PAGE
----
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The Intentional Fallacy and Shakespeare’s Sonnets

1. Introduction

In this essay, I will be discussing the Intentional Fallacy and how it can be applied to Shakespeare’s Sonnets. The Intentional Fallacy is the idea that the author’s intention is the only thing that matters when interpreting a work of art. This Fallacy lies in assuming that it is Shakespeare speaking in the poems and that he is disclosing the darkest secrets of his life in the sonnets. I will be using close readings of specific sonnets to argue that the reader should not rely on the author’s intention when interpreting the poems.

2. The Intentional Fallacy

The Intentional Fallacy was first introduced by W.K. Wimsatt and Monroe Beardsley in their 1946 essay “The Intentional Fallacy”. In this essay, they argue that the author’s intention is irrelevant to the interpretation of a work of art. They state that “the design or intention of the author is neither available nor desirable as a standard for judging the success of a work of literary art” (Wimsatt and Beardsley 446). The Intentional Fallacy lies in assuming that it is Shakespeare speaking in the poems and that he is disclosing the darkest secrets of his life in the sonnets.

Shakespeare’s Sonnets are some of the most popular and well-known poems in the English language. They have been interpreted in many different ways and there is no one correct interpretation. The Sonnets are often read as autobiographical poems, with scholars trying to find out what Shakespeare was really like as a person. However, we cannot know for sure what Shakespeare’s intentions were when he wrote the Sonnets. We can only infer from the clues he gives us in the text.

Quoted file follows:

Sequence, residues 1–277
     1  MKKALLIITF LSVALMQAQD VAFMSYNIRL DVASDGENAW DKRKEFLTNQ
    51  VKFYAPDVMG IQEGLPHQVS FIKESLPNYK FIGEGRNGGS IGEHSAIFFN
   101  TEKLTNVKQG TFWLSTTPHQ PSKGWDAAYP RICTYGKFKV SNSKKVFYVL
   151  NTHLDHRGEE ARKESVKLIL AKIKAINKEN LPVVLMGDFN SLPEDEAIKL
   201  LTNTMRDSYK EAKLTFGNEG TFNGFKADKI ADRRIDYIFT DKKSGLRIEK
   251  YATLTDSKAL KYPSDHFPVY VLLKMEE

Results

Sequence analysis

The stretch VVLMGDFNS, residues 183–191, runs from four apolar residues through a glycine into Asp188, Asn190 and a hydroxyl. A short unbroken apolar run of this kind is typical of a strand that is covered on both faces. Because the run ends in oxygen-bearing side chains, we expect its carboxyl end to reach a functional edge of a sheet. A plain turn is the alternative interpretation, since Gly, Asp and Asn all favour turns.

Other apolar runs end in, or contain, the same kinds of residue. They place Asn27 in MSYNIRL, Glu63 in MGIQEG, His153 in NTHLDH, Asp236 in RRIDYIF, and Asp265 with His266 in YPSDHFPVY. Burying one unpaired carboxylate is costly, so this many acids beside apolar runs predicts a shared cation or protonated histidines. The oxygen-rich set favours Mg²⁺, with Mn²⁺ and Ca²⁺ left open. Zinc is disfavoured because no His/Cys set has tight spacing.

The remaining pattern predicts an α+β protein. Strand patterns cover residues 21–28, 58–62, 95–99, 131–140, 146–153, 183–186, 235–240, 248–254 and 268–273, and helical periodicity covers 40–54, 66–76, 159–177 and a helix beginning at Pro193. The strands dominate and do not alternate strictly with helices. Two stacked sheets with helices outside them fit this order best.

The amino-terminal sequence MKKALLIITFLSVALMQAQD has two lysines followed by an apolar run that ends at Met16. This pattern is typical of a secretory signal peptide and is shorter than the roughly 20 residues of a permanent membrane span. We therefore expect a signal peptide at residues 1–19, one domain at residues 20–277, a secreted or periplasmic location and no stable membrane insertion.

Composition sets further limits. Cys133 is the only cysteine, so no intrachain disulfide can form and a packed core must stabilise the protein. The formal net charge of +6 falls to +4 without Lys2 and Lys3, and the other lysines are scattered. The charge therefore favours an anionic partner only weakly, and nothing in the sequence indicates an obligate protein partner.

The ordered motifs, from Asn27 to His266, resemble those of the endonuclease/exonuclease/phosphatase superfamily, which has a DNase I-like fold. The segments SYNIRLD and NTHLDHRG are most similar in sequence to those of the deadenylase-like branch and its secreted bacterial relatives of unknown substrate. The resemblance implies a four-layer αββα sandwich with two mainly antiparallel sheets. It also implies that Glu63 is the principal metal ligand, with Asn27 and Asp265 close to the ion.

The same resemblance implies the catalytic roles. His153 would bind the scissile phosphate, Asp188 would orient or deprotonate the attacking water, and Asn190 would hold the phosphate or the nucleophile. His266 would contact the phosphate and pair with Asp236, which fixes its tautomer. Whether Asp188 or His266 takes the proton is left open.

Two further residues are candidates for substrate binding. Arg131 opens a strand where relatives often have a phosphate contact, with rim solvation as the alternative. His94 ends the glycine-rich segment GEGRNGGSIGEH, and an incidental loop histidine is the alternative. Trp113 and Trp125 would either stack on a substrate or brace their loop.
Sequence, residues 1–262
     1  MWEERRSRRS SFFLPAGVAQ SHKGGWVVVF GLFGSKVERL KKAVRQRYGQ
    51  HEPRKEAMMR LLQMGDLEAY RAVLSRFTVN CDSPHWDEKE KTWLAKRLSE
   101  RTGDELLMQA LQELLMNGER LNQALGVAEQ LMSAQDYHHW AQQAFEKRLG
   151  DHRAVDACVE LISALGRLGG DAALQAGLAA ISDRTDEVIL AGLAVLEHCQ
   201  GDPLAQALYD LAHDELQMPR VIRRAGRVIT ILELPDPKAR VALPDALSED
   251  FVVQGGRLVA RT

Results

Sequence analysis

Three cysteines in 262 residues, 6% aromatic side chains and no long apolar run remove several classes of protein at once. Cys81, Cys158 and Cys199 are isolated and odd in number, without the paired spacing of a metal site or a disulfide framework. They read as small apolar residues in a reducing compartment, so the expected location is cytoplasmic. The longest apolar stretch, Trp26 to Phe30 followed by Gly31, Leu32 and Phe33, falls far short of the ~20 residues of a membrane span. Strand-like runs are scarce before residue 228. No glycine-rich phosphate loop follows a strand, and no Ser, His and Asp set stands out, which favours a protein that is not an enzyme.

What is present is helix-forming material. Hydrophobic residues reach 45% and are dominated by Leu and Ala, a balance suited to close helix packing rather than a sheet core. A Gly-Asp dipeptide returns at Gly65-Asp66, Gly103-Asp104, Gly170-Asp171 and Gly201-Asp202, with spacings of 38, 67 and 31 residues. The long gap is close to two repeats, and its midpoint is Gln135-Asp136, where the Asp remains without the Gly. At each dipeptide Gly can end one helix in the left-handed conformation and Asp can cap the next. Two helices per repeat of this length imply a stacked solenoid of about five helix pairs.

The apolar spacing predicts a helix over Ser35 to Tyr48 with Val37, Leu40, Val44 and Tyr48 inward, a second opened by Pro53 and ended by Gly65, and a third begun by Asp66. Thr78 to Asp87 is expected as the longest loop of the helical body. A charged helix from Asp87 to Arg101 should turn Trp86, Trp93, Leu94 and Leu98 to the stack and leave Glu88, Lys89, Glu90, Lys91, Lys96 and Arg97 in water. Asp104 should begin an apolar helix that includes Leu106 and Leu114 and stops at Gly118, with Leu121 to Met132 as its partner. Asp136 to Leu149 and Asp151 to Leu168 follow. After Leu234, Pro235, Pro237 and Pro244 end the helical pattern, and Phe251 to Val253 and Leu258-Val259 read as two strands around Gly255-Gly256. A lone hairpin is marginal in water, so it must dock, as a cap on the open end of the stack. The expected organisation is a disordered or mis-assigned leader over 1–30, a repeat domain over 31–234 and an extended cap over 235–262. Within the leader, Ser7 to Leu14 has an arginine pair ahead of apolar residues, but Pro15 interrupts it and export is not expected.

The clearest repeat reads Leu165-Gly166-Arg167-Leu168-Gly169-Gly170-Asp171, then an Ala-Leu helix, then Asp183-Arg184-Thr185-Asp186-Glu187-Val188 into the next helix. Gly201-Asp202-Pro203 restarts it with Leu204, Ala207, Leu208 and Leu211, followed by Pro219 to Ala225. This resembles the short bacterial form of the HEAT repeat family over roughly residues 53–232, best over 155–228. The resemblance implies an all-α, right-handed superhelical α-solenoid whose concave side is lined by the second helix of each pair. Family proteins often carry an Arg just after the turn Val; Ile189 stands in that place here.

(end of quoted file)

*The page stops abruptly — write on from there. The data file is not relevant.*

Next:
3. Shakespeare’s Sonnets

Sonnet 116 is one of Shakespeare’s best-known love poems. It begins with the famous line “Let me not to the marriage of true minds” (Shakespeare 1). In this sonnet, Shakespeare is trying to define love and what it means to be truly in love. He argues that love is not something that can be changed or manipulated, but it is an immutable force. This sonnet has often been interpreted as Shakespeare’s definition of true love, but it could also be read as a definition of friendship. It is up to the reader to decide which interpretation is more accurate.

Sonnet 129 is another well-known sonnet, often referred to as “the dark lady” sonnet because it deals with themes of lust and infidelity. In this sonnet, Shakespeare compares love to a disease, calling it “a fever” (Shakespeare 9). He talks about how love makes him do things he would not normally do, such as lie, cheat, and steal. This sonnet has often been interpreted as a confession of Shakespeare’s infidelity, but it could also be read as a warning about the dangers of love. Again, it is up to the reader to decide which interpretation is more accurate.

4. Conclusion

In conclusion, I would like to say that we should be careful not to fall into the Intentional Fallacy when interpreting works of art. We cannot know for sure what an author’s intention was, so we should not assume that we do. The meaning of a work of art lies in

FAQ

The intentional fallacy is the belief that an author's intention can be determined from their work.

The intentional fallacy can be applied to Shakespeare's sonnets by looking at what the author was trying to convey through their work.

Some of the possible implications of applying the intentional fallacy to Shakespeare's sonnets include understanding the author's intended meaning and getting a better understanding of the work as a whole.

There are other ways in which we can interpret Shakespeare's sonnets, such as looking at them from a literary perspective or considering how they would be received by a modern audience.

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